By Mica Doctoroff
Did you know that the median bail amount in California is $50,000? That’s just a little less than the state’s median income of $61,000.
Now, can you imagine being locked up, accused of a crime, and suddenly needing to scrape together almost a year’s income? If you answered “no,” you’re not alone.
Every year, California warehouses thousands of people in jails while they await their court dates — simply because they can’t afford to post bail. Meanwhile, wealthy people can easily buy their freedom.
When people can’t pay the total amount of bail up front, they have to make an impossible decision: sit in jail while their case moves forward, plead guilty (possibly to a crime they did not commit), or fork over thousands of nonrefundable dollars to a for-profit bail bonds company in order to secure release while they await their court date.
The vast majority of people who are charged with a crime have to make this choice — regardless of their innocence or if the charges against them are ultimately dropped.
Fortunately, California lawmakers are currently considering significant reforms that will help create a justice system that works for everyone, not just those who can afford it.
The California Money Bail Reform Act of 2017 (SB 10 & AB 42) will promote the economic security, wellbeing, and safety of our communities. These two identical bills, introduced by Senator Bob Hertzberg (D-Van Nuys) and Assemblymember Rob Bonta (D-Oakland), will create a system that prioritizes pretrial services to help people make their court appearances, and will prevent people from being locked up in jail simply because they are unable to post money bail.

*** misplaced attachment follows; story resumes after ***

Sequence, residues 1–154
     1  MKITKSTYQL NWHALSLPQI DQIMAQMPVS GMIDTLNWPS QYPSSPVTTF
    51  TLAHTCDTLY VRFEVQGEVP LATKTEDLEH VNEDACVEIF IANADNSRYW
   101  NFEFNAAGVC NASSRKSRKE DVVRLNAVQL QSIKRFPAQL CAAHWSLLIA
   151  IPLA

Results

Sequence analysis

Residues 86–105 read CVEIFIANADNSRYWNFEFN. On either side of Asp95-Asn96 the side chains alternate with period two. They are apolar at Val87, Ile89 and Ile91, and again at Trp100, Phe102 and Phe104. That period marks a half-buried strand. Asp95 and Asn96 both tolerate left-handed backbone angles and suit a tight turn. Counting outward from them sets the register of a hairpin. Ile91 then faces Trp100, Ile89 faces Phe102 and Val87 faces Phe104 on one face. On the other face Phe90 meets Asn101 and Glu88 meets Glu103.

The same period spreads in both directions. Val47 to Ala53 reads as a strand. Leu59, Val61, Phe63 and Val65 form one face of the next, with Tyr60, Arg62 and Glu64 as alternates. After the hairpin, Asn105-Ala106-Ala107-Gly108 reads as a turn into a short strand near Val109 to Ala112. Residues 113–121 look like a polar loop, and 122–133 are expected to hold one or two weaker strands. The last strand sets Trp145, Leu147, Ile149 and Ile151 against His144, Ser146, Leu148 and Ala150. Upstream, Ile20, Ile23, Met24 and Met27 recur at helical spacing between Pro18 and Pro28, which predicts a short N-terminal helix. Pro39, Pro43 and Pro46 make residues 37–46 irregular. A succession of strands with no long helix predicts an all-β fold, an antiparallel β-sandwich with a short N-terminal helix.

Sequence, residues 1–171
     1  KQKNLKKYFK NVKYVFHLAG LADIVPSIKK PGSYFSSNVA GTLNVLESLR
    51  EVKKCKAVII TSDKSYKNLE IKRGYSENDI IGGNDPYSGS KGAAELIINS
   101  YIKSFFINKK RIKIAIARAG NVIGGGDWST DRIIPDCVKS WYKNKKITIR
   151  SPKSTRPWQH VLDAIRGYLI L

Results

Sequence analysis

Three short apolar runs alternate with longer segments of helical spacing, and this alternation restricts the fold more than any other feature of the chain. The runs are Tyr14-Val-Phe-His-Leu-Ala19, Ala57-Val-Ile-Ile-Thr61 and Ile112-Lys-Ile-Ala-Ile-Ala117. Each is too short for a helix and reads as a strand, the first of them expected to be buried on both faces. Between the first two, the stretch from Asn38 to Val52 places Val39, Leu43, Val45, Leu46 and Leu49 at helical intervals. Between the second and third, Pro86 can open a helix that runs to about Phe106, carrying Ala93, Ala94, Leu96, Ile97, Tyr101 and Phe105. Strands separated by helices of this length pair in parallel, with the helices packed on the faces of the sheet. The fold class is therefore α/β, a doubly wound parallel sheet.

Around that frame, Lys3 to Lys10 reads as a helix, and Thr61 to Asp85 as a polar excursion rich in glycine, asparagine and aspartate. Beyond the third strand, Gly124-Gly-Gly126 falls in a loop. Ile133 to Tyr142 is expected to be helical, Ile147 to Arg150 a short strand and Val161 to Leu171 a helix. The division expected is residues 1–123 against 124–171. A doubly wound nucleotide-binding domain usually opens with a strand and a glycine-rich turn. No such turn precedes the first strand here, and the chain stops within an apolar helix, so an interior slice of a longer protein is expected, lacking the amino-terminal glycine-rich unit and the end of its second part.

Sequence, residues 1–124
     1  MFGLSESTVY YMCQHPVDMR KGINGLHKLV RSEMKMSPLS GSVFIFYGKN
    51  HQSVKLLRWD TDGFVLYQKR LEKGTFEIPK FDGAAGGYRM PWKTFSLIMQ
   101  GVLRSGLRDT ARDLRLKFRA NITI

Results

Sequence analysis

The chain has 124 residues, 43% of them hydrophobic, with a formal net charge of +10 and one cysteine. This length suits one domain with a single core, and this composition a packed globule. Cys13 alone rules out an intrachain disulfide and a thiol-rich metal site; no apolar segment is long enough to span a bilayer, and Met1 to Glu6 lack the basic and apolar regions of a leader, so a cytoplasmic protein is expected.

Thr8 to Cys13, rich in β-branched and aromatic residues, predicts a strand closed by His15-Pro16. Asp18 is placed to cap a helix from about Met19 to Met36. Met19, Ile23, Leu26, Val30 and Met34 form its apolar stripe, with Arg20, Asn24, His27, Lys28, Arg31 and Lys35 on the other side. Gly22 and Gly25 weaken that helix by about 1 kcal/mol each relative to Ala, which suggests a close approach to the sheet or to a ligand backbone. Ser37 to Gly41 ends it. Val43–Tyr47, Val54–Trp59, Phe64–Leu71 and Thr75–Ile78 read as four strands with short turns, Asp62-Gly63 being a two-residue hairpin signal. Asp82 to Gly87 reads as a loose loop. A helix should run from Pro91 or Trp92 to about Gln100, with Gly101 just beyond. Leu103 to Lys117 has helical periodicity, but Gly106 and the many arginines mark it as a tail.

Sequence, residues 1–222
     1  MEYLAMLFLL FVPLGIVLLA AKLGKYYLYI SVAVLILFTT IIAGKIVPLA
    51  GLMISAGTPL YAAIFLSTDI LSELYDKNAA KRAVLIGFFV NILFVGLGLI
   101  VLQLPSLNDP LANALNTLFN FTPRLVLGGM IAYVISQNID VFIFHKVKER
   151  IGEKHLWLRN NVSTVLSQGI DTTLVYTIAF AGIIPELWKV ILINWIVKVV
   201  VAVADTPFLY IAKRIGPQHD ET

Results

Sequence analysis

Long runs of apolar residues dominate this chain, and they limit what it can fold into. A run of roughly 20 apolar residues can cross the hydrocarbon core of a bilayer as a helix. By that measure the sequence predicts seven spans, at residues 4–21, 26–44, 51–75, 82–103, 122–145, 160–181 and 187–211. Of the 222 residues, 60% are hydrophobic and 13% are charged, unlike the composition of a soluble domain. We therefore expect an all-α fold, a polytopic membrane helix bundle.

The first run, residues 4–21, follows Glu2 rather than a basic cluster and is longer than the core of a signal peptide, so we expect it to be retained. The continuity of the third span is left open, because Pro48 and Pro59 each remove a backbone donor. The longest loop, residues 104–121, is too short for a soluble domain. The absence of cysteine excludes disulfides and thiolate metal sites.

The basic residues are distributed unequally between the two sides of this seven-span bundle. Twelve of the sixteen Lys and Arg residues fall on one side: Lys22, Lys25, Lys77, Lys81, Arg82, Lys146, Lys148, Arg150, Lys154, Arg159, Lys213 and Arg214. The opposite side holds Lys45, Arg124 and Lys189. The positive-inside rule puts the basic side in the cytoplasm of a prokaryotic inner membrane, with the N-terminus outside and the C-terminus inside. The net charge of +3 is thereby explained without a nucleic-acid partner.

The bills are incredibly important to ensure equal justice, but also to reverse the trend of mass incarceration in our state, to reduce the racial disparities plaguing our criminal justice system, and to keep families together.
Research shows that Black people are assigned higher bail amounts than white people accused of similar offenses. People who can’t post bail are at a higher risk of being convicted, pleading guilty (even if they’re innocent), and receiving harsher sentences. And because Black and Latino people are more likely than white people to be locked up while their cases move forward, money bail fuels pre-existing racial disparities in the criminal justice system.
Pretrial detention has swift and severe impacts on the outcomes of people’s cases, and it can take significant and sometimes irreversible tolls on the accused’s health, wellbeing, and economic security. Just a few days in jail can cost people their car, job, housing, or even custody of their children.
It doesn’t have to be this way. We know that our communities are safer and healthier when families are whole.
You can help make sure that California adopts alternatives that truly promote the economic security, wellbeing, and safety of our communities.
Mica Doctoroff is a Legislative Attorney with the ACLU of California Center for Advocacy & Policy. She was a panelist at the Vanguard Bail Reform Event.